It’s festival season again! Yep, time to get your groove, your jam and your tan on. And as much as the summer concert series is about discovering new bands and getting down to new sounds—especially those chart-topping superstars of the future who you can someday say you first saw way back when—I want to dedicate this column to my own special list of hands-in-the-air, Bic-burning, mountain-high sing-alongs.

What I am talking about here are the best Red Rocks/Pepsi Center/Sports Authority Field stadium rock anthems of all time: the songs that fuel every Elwayville summer, happy hour and personal Hall-of-Fame makeout session.

My inspiration? A recent ski trip to Sweden where the locals go “ALL IN,” on the afterski scene (Scandinavians won’t say, “après.” It’s some anti-French thing). Rather than wait for the discos to open, they start rocking as soon as the lifts stop, dropping in to the nearest pub to start dancing hard in their ski boots to some of the world’s greatest cover bands. In honor of them, and in honor of all the schmaltz rock masterpieces the Swedes—and you—like to shake a tailfeather to, here are my 10 top Colorado stadium rock songs of all time.

“Bittersweet” Big Head Todd & The Monsters

Yeah, this song (and band) is mostly a Colorado thing. But the guitar intro sounds like summer itself, the timing of the bass and drums is perfect, and the whole thing pulls you into the start of a Friday night better than anything you could smoke or drink. If you’re lucky, and you catch Big Head and The

Monsters at Red Rocks on June 6 (with Lucinda Williams!) or NewWest on August 15 this summer, you’ll be stoked to be dancing to this song.

“Country RoadsJohn Denver

John Denver’s “Rocky Mountain High” is Colorado’s “second” state song. You earn bona fide orange-and-blue points if you name the “first” (OK, it’s “Where the Columbines Grow,” but I’m pretty sure you can’t sing a single line). “Country Roads” is still one of the city of Denver’s stone-cold last set killers though, because it lets you reminisce about any dirt road anywhere—even Toots and the Maytals turned it into an anthem about Jamaica, so free your mind…

“Hammer DownMagnolia Electric Co.

With his haunting melodies and straightforward, heartfelt delivery, the late great Jason Molina is quickly starting to feel like the Gram Parsons of his generation, influencing artists as diverse as Strand of Oaks and The Avett Brothers. The Avett’s—who will be at Red Rocks July 10, 11 and 12 (with John Prine!)—have been known to deliver a particularly emotional rendering of Molina’s “Hammer Down,” a kind of celestial truck driving hymn that includes the reverential verse, “The stars are just the neon lights shining through the dance floor of heaven on a Saturday night.” And then there’s the late night chorus: “Hammer down, heaven bound.”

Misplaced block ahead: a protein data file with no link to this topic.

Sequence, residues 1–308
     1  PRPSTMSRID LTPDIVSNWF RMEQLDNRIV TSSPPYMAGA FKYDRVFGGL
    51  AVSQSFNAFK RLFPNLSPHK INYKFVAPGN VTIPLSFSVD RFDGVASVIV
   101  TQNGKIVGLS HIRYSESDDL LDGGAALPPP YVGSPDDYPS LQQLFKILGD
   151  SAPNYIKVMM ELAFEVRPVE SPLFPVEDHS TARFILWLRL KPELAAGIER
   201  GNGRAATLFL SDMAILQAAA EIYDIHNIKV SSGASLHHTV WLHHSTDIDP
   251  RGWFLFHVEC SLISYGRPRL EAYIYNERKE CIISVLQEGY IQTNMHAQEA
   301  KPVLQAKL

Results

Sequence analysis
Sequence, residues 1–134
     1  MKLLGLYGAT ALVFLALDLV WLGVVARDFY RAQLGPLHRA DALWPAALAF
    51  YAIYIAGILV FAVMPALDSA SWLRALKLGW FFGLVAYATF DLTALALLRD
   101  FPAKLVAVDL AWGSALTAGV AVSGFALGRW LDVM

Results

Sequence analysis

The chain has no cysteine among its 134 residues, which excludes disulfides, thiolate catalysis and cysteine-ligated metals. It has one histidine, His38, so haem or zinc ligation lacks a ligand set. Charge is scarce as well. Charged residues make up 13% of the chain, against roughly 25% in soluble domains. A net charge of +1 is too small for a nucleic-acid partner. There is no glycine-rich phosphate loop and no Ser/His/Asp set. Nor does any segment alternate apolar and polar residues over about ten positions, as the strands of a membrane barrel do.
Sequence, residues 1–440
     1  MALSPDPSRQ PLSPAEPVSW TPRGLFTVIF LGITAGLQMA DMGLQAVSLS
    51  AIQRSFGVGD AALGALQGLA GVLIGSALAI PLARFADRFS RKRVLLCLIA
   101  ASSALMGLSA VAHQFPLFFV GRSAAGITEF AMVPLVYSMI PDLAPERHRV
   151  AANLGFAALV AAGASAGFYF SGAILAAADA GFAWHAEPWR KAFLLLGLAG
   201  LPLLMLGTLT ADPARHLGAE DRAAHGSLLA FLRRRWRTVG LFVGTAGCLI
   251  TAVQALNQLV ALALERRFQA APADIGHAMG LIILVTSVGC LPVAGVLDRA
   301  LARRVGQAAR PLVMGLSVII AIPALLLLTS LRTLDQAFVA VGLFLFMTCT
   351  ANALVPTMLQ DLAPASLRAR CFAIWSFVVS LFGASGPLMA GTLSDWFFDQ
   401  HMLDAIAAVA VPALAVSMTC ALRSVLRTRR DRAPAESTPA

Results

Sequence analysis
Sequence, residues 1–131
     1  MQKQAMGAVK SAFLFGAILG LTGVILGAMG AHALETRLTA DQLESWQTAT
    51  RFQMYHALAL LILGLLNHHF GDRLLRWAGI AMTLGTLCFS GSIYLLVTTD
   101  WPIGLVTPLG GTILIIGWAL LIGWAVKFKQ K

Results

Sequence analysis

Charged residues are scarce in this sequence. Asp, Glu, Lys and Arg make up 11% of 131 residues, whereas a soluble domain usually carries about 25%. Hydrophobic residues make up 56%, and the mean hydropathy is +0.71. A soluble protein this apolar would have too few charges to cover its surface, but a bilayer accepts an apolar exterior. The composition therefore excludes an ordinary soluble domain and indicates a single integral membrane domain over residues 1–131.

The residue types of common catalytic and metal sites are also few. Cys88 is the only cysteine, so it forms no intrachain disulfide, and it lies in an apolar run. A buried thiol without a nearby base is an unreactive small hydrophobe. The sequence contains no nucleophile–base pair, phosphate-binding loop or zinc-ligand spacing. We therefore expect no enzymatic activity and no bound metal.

“Should I Stay or Should I Go” The Clash

The Clash is my all-time favorite band. The fact that I got to see them at Red Rocks—twice!—is an opportunity I will always cherish. But as catchy-as-hell as this song is, it’s included on this list mainly because I once saw Tom Petty (who with “Free Falling,” “American Girl,” “Here Comes My Girl,” etc., could compile his own list of top stadium anthems), pull this out for an encore: “So come on and let me know!…”

“You Shook Me All Night Long” AC/DC

You’re guaranteed to hear this high-decibel-go-the-distance anthem piped over the sound system at nearly every baseball game you attend this summer, so you might as well hear it played live by some cover band. My favorite cover version is by Helles Belles, the all-female Aca-Deca tour-de-force I last saw blowing up Salida’s FIBArk Whitewater Festival, itself an annual gift to the joys of summertime.

“Knockin’ On Heaven’s Door” Bob Dylan

Being that this is a Bob Dylan song, just about the worst band in the world can butcher it from start to finish and still make it one of live music’s finest all-time sing-a-longs. Get it in the hands of a talented band, however, and play it right about the same time as a multi-colored mountain sunset hits its own high note, and you’ll feel like you’re swing-shuffling right into Elysium when the guitar solo kicks in.

“Go Your Own Way” Fleetwood Mac

The slow guitar buildup, the rapidly intensifying drums, the immediate hook chorus that you can’t help but bellow out in rhythm with your dancing—this is pop magic, man. Of course it’s only fitting that Fleetwood Mac, up there among Stadium Pop royalty with the likes of ABBA, U2 and Bon Jovi, who have so many coliseum crushing hits in their playlist, (and who just played Denver this past April) included this on “Rumors,” one of the top pop masterpieces of all time.

“Don’t Stop Believing” Journey

Don’t hate. Yes, the sound is pure Jersey (by way of San Francisco). But it still always rocks. And it’s better than listening to a bunch of Englewood or Broomfield bros get down to “Born to Run.” Bottom line: Everybody looks good dancing to this song.

“Take It to the Limit” The Eagles

I recently heard a Jersey-to-Boulder transplant complaining about The Eagles on Facebook. I had to remind him The Eagles are why he—or his parents—and all his East Coast brethren moved West in the first place: To feel this sound. It’s just music, man. And one of every Colorado dreamer’s most favorite songs. <East Coast Ed’s Note: I still agree with El Duderino. “Man, I hate the f-ing Eagles.”>

“Burn One Down” Ben Harper

Yes, if you are outdoors at a concert in Colorado this summer then you probably just did—or are just about to—burn one down. Is it time to add a third single to the official list of state songs? No matter, Mr. Harper will be at Red Rocks on September 15.

Be sure to designate a driver. And I am looking forward to seeing you at the shows!

Elevation Outdoors editor-at-large Peter Kray is the author of The God of Skiing. The book has been called “the greatest ski novel ever written.” Buy it here: